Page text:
WASHINGTON (Reuters) - President Barack Obama's nominee to be U.S. ambassador to Qatar said on Wednesday the emir personally assured the U.S. leader that the Gulf state would keep track of five Taliban detainees transferred from the military prison at Guantanamo Bay.
Dana Shell Smith's confirmation hearing came in the midst of a political firestorm over the Obama administration's decision to exchange the Taliban prisoners for Bowe Bergdahl, a U.S. Army sergeant held captive in Afghanistan for five years.
The five are being held in Qatar for a year. Republican lawmakers, angry that the White House did not inform Congress about the swap in advance and who oppose closing the Guantanamo prison, have also been fiercely questioning whether the Gulf Arab state will keep the prisoners secure.
At the same time the Senate was holding its hearing, Defense Secretary Chuck Hagel defended the swap before a committee in the Republican-controlled House of Representatives.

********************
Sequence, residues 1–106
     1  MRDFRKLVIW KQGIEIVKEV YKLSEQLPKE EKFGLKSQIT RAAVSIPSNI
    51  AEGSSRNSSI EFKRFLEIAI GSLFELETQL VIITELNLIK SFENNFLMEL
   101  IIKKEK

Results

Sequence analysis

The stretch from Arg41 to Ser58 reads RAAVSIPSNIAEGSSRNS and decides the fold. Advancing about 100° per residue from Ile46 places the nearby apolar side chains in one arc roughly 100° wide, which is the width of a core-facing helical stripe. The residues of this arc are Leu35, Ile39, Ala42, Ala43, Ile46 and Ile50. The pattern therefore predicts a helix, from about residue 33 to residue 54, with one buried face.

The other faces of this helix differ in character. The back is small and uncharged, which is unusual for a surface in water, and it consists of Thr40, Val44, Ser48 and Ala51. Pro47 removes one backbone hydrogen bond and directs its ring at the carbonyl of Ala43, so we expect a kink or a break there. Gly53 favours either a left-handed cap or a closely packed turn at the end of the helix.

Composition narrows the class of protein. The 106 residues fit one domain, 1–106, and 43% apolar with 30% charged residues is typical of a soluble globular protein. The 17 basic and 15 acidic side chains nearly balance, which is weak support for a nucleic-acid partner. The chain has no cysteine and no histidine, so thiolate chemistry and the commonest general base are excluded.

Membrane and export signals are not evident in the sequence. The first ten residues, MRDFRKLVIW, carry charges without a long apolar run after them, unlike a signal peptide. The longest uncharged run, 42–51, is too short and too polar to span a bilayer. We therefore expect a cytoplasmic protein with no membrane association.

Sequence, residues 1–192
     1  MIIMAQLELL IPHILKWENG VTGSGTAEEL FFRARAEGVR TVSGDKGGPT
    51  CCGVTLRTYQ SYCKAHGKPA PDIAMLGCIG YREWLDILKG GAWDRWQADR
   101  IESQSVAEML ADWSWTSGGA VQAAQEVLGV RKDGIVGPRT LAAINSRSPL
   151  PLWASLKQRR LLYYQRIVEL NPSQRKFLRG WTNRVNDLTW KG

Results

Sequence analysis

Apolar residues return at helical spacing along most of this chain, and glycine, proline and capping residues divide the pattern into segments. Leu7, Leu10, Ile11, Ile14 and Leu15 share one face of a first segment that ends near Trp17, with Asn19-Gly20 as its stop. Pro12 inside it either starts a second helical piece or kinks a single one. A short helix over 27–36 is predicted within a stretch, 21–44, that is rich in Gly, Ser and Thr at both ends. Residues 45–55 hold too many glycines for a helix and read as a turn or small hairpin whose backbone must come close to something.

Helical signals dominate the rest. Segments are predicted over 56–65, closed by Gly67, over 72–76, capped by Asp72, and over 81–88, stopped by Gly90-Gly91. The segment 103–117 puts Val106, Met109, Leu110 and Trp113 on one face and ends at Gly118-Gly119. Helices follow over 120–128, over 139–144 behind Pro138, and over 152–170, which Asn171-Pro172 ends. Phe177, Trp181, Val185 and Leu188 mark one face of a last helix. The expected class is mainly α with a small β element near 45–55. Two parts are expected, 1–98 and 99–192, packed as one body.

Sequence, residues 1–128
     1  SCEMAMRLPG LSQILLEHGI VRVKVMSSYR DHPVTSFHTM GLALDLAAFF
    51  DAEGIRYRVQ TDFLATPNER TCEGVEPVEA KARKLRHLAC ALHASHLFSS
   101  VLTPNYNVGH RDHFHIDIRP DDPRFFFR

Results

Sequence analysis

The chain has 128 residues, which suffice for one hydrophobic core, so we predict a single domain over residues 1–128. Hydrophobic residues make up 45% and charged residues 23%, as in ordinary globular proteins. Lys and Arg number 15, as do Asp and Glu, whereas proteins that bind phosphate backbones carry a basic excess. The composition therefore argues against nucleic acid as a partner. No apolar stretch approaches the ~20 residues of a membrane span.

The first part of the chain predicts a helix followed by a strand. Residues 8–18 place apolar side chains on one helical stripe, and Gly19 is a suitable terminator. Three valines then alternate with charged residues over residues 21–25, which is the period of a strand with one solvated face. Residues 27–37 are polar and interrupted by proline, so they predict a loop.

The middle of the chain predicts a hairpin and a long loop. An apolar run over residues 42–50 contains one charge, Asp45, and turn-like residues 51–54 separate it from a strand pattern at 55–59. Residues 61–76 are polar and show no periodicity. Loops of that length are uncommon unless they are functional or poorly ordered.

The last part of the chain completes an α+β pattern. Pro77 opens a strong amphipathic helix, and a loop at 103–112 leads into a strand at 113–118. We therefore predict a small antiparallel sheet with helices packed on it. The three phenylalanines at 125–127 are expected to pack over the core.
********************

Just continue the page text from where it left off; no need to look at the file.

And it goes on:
Smith testified at her confirmation hearing, before the Senate Foreign Relations Committee, that the administration was confident security measures put in place would "substantially mitigate" any threat to the United States from the detainees exchanged for the release of Sergeant Bowe Bergdahl.
"The emir personally provided his assurances to the president," she said, referring to Qatar's Sheikh Tamim by Hamad al-Thani.
Senator Robert Menendez, chairman of the committee, urged his fellow lawmakers not to let politics get in the way of quickly confirming Smith, a senior State Department adviser on public diplomacy and public affairs.
"We all have questions about the context of the negotiations, the Qatari government’s role in facilitating the talks, and its commitments regarding the status of the Taliban detainees," the New Jersey Democrat said.
However, he added, "This is not the time to debate those terms. It’s time to confirm an ambassador who will enforce them."
A committee spokesman said the panel's goal was to vote on the nominees this month, before the Senate leaves for its July 4 recess.
(Reporting by Patricia Zengerle; Editing by Eric Beech)